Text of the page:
Truck Tech

Time to Face The Future Head-On

Blog commentary by Jack Roberts

August 15, 2017

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Newcomers to trucking are looking at established business models and probing for weaknesses with fresh eyes -- and ideas. Photo: Daimler Trucks
Newcomers to trucking are looking at established business models and probing for weaknesses with fresh eyes -- and ideas. Photo: Daimler Trucks

It’s happened before and it’s going to happen again – soon.

Somewhere, sometime in the very near future, Amazon’s Jeff Bezos, Microsoft’s Bill Gates, Tesla’s Elon Musk, or some other tech guru you may never have heard of, is going to sit down and pore over every aspect of your business model they can find.

They’re going to look at the equipment you run and how you use it and when you get rid of it. Your fuel of choice and how much of it you burn. They’re going to look at your maintenance costs. When your shops are open. And when your shops are closed. The routes you run. How long your trucks stay out on the road. Who your customers are. What your customers' demands are – how green they want you to be, how efficient they want you to be. They’re going to look at what you pay your front office people and technicians working in your shops. They’re not only going to look at what you pay your drivers, they’re going to look at how you pay your divers. They’re going to look at the tools you give your drivers to help them work and live better out on the road. And they’re going to look at your profit margins and how much money you’re bringing in.

All of that is nothing new. It’s called “due diligence,” and pretty much anyone interested in starting a business does the same thing before investing time, money and energy in a new venture.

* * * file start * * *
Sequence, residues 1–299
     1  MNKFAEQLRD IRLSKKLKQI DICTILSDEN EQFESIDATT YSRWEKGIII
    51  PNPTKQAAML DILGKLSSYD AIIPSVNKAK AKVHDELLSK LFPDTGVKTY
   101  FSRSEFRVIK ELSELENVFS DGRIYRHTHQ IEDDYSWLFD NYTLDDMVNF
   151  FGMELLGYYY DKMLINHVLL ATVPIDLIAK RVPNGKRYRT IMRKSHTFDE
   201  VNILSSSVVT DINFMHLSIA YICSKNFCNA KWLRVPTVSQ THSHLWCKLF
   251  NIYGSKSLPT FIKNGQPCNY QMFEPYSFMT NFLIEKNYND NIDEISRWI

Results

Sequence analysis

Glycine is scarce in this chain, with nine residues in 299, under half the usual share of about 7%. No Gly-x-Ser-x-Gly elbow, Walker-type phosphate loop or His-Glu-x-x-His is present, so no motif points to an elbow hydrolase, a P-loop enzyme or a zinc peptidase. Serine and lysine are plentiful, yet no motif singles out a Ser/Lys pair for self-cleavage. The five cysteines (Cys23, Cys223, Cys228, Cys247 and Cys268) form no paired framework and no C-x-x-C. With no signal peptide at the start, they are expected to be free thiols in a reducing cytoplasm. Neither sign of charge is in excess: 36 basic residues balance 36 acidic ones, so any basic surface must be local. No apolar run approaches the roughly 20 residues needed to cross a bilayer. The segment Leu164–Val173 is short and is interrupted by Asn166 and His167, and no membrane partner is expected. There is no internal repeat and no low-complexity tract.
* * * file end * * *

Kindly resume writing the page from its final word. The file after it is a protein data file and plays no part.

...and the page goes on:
But what is different is these visionaries are looking at your business with fresh eyes. They’re looking at every aspect of your operations through the prism of new technology – in many cases technology you’ve scoffed at or dismissed as unworkable, far-fetched, impractical, or years (or decades) away from being viable.

The forces that are converging on trucking now are unstoppable and relentless. You can’t stop change. I can’t stop change. We can’t stop change. Change is coming whether you want it to or not. The visionaries zeroing in on trucking today see an industry that is outdated, inefficient, and utterly vital for the success of their business ventures and economies around the globe. Well, that and the fact they realize there’s a lot of money to be made in the trucking industry in very near future.

If you’re alarmed, you should be. But don’t despair. You have some cards up your sleeve, as well. Technology and theories are great. But street smarts and on-the-ground intel still count for a lot in trucking today. And while change is indeed coming, it’s not going to happen in the blink of an eye. And more freight means more business for everyone concerned.

Now is the time to start thinking seriously about the future and how new and emerging technologies can help you run your business better. I’m not suggesting you go out and buy the first electric truck you see. But I’d definitely keep an eye on the guy who does and watch what happens when he puts it to work. Change will be fatal only if you get left behind once it arrives. And the way to keep that from happening, is to start thinking about, and preparing for, change today.

Comments

  1. 1. Jose Rivas [ August 17, 2017 @ 04:10PM ]

    I'm recently work as diesel mechanic I will like to be informed what to expect for future in this industry

  2. 2. Jose Rivas [ August 17, 2017 @ 04:12PM ]

    I recently work as diesel technician I Will like to see what to expect for new changes in this industry thanks for invitation.

 

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Author Bio

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Jack Roberts

Senior Editor

As a licensed commercial driver, HDT senior editor Jack Roberts often reports on ground-breaking technical developments and trends in an industry being transformed by technology. With more than two decades covering trucking, in Truck Tech he offers his insights on everything from the latest equipment, systems and components, to telematics and autonomous vehicle technologies.

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